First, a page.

Lance Armstrong has been pretty impressive on the roads of France. But on Wall Street, not so much.
The famed cyclist has loaned his name to a new group of mutual funds from American Century Investments for retirement investors who want the mutual funds they buy to be charitable. The Livestrong funds are target-date retirement funds like others established in recent years by big no-load investment houses, except that they will eschew tobacco companies and donate some money to the Lance Armstrong Foundation.
The Livestrong funds appeared about the same time as a couple of much smaller similar funds.
The Giordano funds, out of Annapolis, Maryland, and the Giant 5 Funds, out of Colorado Springs, Colorado, also aim to donate a portion of profits to charity, according to recent reports.
But investors may discover that there are better ways to save for retirement while helping worthy causes.
These funds tend to have higher expenses to make up for the management donations, and investors end up paying the higher fees without getting the tax write-off they would normally get for taking a charitable deduction. Furthermore, the amounts that they will donate may be a small percentage of the money invested in them.
Lack of tax deductibility and minimal effect has me personally soured on them, said Jeff Tjornehoj, an analyst with research firm Lipper, a unit of Reuters Group Plc.
The Livestrong investments, which are funds of funds, will exact annual management fees of between 0.7 percent and 0.9 percent from investors who purchase them directly. That's in contrast to the 0.21 percent that competitor Vanguard charges, according to Morningstar.com.
The amount of donations is murky, too. American Century says it has promised at least $1 million to Armstrong's anti-cancer charity, with additional contributions based on the amount of new money flowing into the Livestrong funds. Hmmm.
Furthermore, the funds aren't doing much social screening, so investors who think they're getting green funds may not be. The Livestrong funds, for example, eliminate only tobacco companies from their lists of investments and don't check other companies against any other health, environmental or labor policy standards.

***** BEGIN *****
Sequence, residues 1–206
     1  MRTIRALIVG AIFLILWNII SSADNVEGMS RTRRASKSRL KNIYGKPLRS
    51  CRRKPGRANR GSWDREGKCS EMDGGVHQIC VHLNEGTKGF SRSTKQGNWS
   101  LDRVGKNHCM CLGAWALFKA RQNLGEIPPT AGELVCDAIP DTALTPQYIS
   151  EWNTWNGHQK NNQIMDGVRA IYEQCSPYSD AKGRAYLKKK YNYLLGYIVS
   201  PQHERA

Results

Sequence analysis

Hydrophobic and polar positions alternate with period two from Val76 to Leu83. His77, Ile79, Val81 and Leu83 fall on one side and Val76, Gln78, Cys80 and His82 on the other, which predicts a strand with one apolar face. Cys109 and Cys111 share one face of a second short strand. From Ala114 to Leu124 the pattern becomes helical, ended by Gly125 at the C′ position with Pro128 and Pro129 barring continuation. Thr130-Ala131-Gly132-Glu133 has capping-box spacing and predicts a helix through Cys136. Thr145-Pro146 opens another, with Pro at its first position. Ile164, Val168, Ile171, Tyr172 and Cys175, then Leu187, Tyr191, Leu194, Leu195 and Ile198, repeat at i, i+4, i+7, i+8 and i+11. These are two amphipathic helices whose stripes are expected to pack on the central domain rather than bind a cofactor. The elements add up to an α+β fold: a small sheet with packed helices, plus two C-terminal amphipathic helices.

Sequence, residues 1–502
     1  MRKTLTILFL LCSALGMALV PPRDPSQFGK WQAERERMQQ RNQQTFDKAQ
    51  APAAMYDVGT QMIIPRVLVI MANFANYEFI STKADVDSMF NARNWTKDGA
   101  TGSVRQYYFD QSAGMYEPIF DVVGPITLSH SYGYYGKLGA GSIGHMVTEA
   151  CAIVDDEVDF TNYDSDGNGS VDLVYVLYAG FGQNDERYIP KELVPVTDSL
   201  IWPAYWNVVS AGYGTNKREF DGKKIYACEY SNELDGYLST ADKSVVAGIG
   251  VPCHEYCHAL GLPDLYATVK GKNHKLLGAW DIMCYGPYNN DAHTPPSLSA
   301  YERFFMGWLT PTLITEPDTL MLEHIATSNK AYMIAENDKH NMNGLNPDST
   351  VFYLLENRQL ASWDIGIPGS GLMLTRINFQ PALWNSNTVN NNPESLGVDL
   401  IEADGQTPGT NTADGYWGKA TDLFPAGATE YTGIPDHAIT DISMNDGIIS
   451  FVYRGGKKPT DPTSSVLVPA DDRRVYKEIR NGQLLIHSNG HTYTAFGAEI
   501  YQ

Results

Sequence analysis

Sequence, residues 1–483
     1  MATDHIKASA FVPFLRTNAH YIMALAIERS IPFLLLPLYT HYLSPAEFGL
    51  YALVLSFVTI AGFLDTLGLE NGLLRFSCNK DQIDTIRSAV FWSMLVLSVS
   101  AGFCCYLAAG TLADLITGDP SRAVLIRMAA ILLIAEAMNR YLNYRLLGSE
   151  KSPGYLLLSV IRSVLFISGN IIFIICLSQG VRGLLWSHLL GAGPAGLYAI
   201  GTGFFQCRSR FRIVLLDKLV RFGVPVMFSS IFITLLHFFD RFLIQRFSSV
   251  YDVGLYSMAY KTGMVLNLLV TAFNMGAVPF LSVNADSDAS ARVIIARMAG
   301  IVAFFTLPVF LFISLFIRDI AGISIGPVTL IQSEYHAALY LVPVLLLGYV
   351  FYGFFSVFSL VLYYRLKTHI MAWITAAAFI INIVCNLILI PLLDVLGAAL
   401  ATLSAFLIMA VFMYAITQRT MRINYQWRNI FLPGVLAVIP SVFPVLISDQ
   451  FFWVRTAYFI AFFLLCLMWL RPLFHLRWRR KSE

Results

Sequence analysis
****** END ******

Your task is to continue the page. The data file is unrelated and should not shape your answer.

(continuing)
There are other ways to mix investing and charitable donations, however. Here are a few suggestions.
-- Just invest in mutual funds, and choose them for their low fees and good returns. Once a year, figure out how much you want to give your favorite charity and make that contribution in mutual fund shares.
Choose the shares that have appreciated the most, and you'll get a double bonus: You'll be able to deduct the value of the contribution from your income at tax time, and you won't have to pay any capital gains tax on the fund shares. You can usually arrange direct donations like this through the charity.
-- Make your own charitable contribution to a donor-advised fund. Some very big players, including Charles Schwab, Fidelity, T. Rowe Price and Vanguard, offer these funds, which are legally set up as charities, but act as holding pools. When you send money to them, you get a tax deduction for making a donation. You can't get any money back, but the money you invest there grows and grows, until you decide where you'd like to donate it.
You can direct these funds to write checks to the charitable groups you care most about. They tend to have minimum donations of $10,000, but you can seed them with shares of other funds and reap all the same tax benefits as above, too.
-- Invest through socially responsible funds and keep your donations separate. Some of these funds do donate to charities, but they also focus on community investment projects or screen out companies that may work at cross-purposes to the causes you like to support. You can find them listed at SocialFunds.com (http://www.socialfunds.com).
-- Got big money and the need for income? You can give to a charity in such a way that it invests the money and pays you income out of it. This is typically arranged through a charitable trust that takes more cash upfront than the other options listed here, but in the right situation, it's a beautiful thing. The charity keeps the investment, you get a tax write-off and some income, and everybody's happy.